Pete Buttigieg formally announces 2020 presidential run
Mayor Pete wants to be President Pete.
Pete Buttigieg, the mayor of South Bend, Ind., who has seen his poll numbers surge in recent weeks, officially declared on Sunday that he's running for president – in a speech where he highlighted both his progressive values and Midwestern upbringing.
"I ran for mayor in 2011 knowing that nothing like Studebaker would ever come back—but believing that we would, our city would, if we had the courage to reimagine our future," Buttigieg said in a speech inside South Bend's Studebaker auto plant. "And now, I can confidently say that South Bend is back."
He added: "There’s a long way for us to go. Life here is far from perfect. But, we’ve changed our trajectory, and shown a path forward for communities like ours."
The 37-year-old Afghanistan War veteran, who has been exploring a White House run since January, now joins the field of a dozen-plus rivals and one that is likely to reach 20 or more.
Over the past few months, Buttigieg has appeared frequently on national TV news and talk shows and developed a strong social media following with his message that the country needs "a new generation of leadership."
“[The future] calls for hopeful, audacious voices in our community,” Buttigieg said on Sunday. “And, yes, it calls for a new generation of leadership in this country.”
Buttigieg's poll numbers have climbed. Some polls put him behind only Vermont Sen. Bernie Sanders, who sought the party's nomination in 2016, and former Vice President Joe Biden, who has not yet said he's running.
Buttigieg's campaign raised more than $7 million in the first three months of this year, a total eclipsed by Sanders' leading $18 million but more than Sens. Elizabeth Warren of Massachusetts, Amy Klobuchar of Minnesota and Cory Booker of New Jersey, among others.
His challenge: finding a way to sustain the momentum over the long term and avoiding becoming a "flavor-of-the-month" candidate. Scrutiny of his leadership in South Bend has increased, as has his criticism of Vice President Mike Pence, who was Indiana's governor when Buttigieg was in his first term as mayor.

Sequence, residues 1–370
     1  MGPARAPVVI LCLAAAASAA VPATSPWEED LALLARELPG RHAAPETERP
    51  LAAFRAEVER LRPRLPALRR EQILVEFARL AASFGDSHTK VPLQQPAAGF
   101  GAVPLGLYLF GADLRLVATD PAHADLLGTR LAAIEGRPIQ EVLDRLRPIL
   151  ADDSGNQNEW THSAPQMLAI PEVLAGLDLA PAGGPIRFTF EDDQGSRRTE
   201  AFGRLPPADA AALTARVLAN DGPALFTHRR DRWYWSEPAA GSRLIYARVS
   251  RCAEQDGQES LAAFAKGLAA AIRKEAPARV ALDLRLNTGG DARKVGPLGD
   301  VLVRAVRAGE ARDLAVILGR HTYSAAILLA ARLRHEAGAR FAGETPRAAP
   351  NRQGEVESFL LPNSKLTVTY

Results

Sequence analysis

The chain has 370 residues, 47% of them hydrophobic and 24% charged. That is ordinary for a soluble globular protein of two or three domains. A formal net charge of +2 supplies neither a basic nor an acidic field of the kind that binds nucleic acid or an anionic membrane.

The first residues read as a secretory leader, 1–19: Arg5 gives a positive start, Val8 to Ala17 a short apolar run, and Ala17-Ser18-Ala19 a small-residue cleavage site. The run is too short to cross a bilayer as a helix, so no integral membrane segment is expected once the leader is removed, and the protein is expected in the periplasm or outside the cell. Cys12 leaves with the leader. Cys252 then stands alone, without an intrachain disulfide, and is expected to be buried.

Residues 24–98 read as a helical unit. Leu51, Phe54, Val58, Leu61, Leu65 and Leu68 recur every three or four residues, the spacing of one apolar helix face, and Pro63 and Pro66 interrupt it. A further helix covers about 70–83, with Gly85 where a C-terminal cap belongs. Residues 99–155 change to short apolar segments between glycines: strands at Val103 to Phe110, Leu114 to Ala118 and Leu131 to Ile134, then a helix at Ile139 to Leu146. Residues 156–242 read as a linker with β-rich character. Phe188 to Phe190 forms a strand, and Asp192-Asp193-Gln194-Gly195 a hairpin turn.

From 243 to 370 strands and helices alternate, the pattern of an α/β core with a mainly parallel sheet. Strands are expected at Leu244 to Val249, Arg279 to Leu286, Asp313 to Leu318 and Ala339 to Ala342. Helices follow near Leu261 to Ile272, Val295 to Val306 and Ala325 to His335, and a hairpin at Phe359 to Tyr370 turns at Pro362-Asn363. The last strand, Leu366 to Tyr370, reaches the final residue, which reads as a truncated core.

Buttigieg would be the first openly gay nominee of a major presidential party; he married his husband, Chasten, last year. He would be the first mayor to go directly to the White House. And, he would be the youngest person to become president, turning 39 the day before the next inauguration, on Jan. 20, 2021. Theodore Roosevelt was 42 when he took office, while John F. Kennedy was 43 and Bill Clinton 46.
Buttigieg argued that the best way for Democrats to defeat President Trump may be to nominate a mayor experienced in helping to revive a Midwestern city once described as "dying," rather than a politician who has spent years "marinating" in Washington.
He has criticized Trump's campaign slogan, "Make America Great Again," saying the way to move the country forward is not to look backward or cling to nostalgia or an old way of life.
“We have changed our trajectory,” Buttigieg said. “That’s why I’m here today to tell a different story than ‘Make America Great Again.”
He added: “There is no such thing as honest politics that includes the word 'again.'”
South Bend, which neighbors the University of Notre Dame, was hit hard by the decline of manufacturing, dating to the 1963 closing of the Studebaker auto plant that costs thousands of residents their jobs.
The hulking, dilapidated factory loomed over the city for much of the past 60 years as what Buttigieg called a daily reminder of South Bend's city's past.
Buttigieg gave his speech inside that building, which underwent a multimillion-dollar renovation led by a private developer with help from state grants and tax increment financing from the city. The newly remodeled structure is now part of a mixed-use technology center outside the city's downtown.
The Associated Press contributed to this report.